Central Europe Energy Partners’ (CEEP) position paper for public consultation on the review of the blocking statute (Council Regulation (EC) No. 2271/96)

Central Europe Energy Partners’ (CEEP) position paper for public consultation on the review of the blocking statute  (Council Regulation (EC) No. 2271/96)

We welcome the possibility to take part in the ongoing discussions and to comment on the review of the blocking statute. The EU should have effective tools to protect its interests and the EU operators against effects of the extra-territorial sanctions. Use of these tools, however, should be prudent as it may lead to escalation of conflict with a third country and may cause serious economic and political consequences. In this regard we are convinced that any firm counteraction to extra‑territorial sanctions has to be supported unanimously by the Council.

The EU should act on the international scene in accordance with the Treaty on European Union, which underlines the role of the EU in building cooperation in the world, solutions driven approach and promoting free trade. Article 3 para 5 TEU states inter alia that the EU ‘shall contribute to peace, security, the sustainable development of the Earth, solidarity and mutual respect among peoples, free and fair trade’. Additionally, Article 21 para 1 reads ‘(t)he Union shall seek to develop relations and build partnerships with third countries, and international, regional or global organisations which share the principles referred to in the first subparagraph. It shall promote multilateral solutions to common problems, in particular in the framework of the United Nations’.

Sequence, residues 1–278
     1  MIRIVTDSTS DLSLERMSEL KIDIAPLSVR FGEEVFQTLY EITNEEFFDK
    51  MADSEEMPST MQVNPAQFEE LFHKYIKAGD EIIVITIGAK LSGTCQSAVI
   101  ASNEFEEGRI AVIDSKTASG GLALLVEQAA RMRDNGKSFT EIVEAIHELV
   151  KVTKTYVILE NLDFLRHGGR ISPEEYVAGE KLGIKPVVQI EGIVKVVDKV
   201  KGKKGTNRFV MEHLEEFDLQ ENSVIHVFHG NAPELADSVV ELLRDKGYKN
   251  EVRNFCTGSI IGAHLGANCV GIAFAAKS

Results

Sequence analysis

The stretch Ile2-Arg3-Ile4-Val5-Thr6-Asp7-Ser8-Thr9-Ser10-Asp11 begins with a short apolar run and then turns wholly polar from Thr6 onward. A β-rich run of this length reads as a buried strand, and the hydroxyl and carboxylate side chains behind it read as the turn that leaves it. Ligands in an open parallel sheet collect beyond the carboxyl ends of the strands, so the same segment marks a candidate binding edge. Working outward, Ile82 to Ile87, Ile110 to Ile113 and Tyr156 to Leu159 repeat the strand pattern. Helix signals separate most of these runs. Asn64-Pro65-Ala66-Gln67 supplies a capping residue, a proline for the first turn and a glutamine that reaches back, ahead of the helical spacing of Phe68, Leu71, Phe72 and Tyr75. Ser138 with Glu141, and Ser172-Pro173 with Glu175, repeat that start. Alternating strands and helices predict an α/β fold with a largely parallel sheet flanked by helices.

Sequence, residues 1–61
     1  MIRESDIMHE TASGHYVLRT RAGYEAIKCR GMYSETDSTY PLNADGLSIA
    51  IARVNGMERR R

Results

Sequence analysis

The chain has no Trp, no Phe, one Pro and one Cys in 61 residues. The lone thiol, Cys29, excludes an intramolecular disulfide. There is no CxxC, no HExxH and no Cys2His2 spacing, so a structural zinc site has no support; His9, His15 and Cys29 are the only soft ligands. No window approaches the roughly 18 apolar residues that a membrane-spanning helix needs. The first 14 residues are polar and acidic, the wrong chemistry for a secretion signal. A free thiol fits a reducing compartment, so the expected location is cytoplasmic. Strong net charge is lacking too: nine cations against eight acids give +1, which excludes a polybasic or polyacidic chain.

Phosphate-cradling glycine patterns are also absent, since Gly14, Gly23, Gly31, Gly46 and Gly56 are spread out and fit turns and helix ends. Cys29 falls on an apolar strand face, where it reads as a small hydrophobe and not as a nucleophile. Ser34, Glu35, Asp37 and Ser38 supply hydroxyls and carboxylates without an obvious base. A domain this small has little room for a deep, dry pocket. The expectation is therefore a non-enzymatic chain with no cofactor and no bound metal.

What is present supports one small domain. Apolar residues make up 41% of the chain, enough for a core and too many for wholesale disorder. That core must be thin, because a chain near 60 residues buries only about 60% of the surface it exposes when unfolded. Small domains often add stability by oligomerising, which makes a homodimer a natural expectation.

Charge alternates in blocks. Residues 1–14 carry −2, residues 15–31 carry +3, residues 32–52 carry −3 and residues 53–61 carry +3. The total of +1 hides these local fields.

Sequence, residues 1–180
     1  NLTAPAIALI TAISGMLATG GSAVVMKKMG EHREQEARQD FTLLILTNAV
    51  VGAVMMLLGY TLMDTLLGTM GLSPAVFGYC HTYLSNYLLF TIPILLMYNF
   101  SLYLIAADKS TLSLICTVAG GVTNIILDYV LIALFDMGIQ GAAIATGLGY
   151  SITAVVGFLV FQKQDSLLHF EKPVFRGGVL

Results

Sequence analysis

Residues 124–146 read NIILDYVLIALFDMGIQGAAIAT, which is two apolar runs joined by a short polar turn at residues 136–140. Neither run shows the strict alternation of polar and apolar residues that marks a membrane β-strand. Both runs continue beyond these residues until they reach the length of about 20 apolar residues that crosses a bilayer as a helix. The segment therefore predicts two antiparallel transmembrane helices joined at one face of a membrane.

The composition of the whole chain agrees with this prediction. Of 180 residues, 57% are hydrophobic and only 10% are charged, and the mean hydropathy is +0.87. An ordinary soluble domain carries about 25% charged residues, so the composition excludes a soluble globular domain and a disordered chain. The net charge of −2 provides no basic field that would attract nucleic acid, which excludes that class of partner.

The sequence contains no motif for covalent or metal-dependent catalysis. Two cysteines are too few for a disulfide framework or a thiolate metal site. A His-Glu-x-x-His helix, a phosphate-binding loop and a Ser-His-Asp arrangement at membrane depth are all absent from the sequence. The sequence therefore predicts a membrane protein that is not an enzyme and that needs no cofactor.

The reform of blocking statute will not have a decisive effect on third countries' willingness to use extra-territorial sanctions, as this tool does not apply to the EU operators exclusively. At the same time there is no clear evidence, that the reform will successfully deter coercive actions. Therefore, the EU should focus on pursuing reform of the World Trade Organization (WTO). The WTO has provided a stable and predictable trading environment, allowing for a massive expansion of global trade, whilst providing a framework for settling trade disputes through adjudication. It is key for the EU to find like-minded global partners to restore a fully functioning WTO dispute settlement with a reformed Appellate Body.

Any revision of the EU legislation should take into account possible impact on the EU efforts to build international environment based on consensus, and on the EU relations with third countries that share the EU values. Such an approach should prevail over measures that could worsen the relations and contribute to deepening divisions in the global economy. The benefits of revision remain unclear – we cannot be sure, that it will minimize the negative effects of extra-territorial application of sanctions – therefore the EU has to carefully assess potential costs when designing tools that can lead to escalation of international tensions.